I was in church Maundy Thursday. Nestled into a pew as my 5 year old daughter drove her transformer toys all over the hymnbooks and caused general mayhem before the program started. I was in church on Maundy Thursday but not for worship. I sat in the Anglican Church on the University of British Columbia campus waiting for the performance of my 13 year old daughter and others who had participated all week in a UBC drama camp. Now, the camp simply rented space at the local Anglican church – nothing more, nothing less. And as I waited for the performance to begin I did what I usually do in public spaces, I eavesdropped shamelessly.
The family in the pew behind me, eager to see their own daughter/granddaughter perform, shared this little gem of a conversation with me:
Boomer Grandfather (roughly late 60s): “Wow, I can’t believe I didn’t get hit by lightening coming into this place. (his wife cackles loudly) Who knows, maybe I’ll still burst into flames at some point…”
Adult Gen X Daughter (mid 40s) in a more reflective tone: “Dad, didn’t we used to go to church like at Christmas and Easter and stuff? I seem to remember being in a church like this when I was little – is that right?”
Boomer Grandfather: “Well, yeah, that was a long time ago and I can’t remember the last time I was in a church. Most of us figured out you don’t need to come to a place like this to be a good person.”
Adult Gen X Daughter: “Well Dad, do you know what your granddaughter said when I dropped her off here at camp on the first day? She said, “Mum, what is this place? I’ve never been inside a place like this before? What do they do here?” The woman paused and continued in a quieter voice, “It was weird – I didn’t know what to say. And I felt ashamed.”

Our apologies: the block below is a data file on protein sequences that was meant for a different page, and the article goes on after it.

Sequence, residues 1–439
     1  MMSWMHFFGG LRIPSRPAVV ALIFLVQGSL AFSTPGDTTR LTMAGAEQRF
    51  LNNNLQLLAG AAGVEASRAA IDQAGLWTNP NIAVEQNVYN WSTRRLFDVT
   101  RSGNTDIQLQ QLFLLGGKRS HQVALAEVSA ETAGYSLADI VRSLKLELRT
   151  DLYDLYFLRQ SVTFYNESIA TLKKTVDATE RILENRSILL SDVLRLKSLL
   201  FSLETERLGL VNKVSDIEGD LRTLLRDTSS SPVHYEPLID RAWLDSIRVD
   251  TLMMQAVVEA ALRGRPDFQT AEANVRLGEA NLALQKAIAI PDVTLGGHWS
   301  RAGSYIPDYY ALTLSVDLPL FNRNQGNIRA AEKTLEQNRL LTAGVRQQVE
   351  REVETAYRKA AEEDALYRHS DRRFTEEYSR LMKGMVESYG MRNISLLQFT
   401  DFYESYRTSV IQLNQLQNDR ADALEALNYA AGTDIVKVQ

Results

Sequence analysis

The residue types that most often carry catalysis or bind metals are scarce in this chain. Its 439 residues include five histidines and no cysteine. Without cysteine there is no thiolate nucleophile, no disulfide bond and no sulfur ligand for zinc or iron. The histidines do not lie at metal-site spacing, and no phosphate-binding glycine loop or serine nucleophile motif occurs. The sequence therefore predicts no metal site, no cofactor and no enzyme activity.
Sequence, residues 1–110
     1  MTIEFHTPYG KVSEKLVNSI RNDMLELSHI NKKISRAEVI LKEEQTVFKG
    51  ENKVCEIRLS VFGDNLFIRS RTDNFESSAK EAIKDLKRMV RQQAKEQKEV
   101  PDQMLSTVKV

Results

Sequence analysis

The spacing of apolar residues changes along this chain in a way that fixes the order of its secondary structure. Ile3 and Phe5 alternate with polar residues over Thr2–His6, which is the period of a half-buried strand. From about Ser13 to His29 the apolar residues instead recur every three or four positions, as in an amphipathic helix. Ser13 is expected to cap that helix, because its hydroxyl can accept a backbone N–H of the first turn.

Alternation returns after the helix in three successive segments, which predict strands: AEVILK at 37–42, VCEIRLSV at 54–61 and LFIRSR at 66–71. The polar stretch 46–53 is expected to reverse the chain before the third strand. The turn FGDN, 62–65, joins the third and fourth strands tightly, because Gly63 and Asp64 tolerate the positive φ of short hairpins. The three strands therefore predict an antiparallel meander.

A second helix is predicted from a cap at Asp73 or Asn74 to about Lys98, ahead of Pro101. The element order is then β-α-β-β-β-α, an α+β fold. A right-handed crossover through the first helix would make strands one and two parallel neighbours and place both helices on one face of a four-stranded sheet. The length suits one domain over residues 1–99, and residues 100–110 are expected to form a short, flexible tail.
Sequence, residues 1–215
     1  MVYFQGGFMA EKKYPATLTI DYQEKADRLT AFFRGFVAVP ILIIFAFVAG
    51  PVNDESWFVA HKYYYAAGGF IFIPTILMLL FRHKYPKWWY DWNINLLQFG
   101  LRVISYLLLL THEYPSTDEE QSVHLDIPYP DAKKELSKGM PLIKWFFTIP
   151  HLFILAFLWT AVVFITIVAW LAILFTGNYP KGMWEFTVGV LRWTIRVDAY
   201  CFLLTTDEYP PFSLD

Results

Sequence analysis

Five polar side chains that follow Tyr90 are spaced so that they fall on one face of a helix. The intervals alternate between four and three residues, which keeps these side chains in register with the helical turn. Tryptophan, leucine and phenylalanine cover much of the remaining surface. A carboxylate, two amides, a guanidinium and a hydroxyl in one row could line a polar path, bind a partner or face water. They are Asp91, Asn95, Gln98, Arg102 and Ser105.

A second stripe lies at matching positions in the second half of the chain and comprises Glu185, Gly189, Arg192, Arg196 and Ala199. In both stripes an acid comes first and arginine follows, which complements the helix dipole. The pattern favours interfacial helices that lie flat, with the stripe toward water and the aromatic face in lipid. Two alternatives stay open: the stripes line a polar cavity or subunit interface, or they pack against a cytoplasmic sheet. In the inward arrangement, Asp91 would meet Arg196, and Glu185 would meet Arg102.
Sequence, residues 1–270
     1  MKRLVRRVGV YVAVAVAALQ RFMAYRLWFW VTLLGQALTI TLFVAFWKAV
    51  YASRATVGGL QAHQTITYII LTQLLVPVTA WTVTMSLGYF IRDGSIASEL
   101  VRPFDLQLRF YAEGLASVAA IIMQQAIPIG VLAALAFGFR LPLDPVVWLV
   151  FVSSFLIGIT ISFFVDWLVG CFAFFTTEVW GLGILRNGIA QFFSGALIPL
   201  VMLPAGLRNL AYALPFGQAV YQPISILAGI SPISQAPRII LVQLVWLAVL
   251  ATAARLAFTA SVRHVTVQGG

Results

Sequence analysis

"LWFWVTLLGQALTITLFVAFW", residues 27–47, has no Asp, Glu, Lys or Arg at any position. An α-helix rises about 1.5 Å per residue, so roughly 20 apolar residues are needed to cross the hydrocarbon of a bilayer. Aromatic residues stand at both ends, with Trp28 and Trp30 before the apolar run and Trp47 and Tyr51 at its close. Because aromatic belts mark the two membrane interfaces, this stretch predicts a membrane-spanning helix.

This fascinating cross-generational witness of the end of Christendom was interrupted by the millennial aged drama camp instructor who welcomed us to the performance and noted (in usual west coast fashion) that we were meeting on the traditional, ancestral and unceded territory of the Musquem peoples. No word was given that we were also meeting in a space of Christian worship.
I left the lovely drama performance wondering how we as Christians might speak about the empty cross and empty tomb this weekend to the multiple generations I encountered in that space:
Boomers – so many of whom walked from the church and retain only a disfigured Sunday School memory of Christian faith
Gen Xers – the first generation “raised without religion” according to Vancouver author Douglas Copeland, and yet many of us in this generation retain some structural memory of Christendom through school and society
Millennials – raised with more secular and civic religion beliefs like environmentalism and respect for ancient cultures (Indigenous, etc) – all good of course – but tricky to witness to with no Christian memory
Generation Y – even further along the secularity path, now open to hear about Christianity without the baggage that their Boomer grandparents often attach to the faith.
How might those of us whose lives have been marked, blessed and changed for good by the gospel of Jesus Christ speak and act this weekend to bear witness to the One whose selfless death and spectacular resurrection adopted us into the inner life of God: Father, Son and Spirit?
Ross Lockhart is Associate Professor at St. Andrew’s Hall and teaches at The Vancouver School of Theology.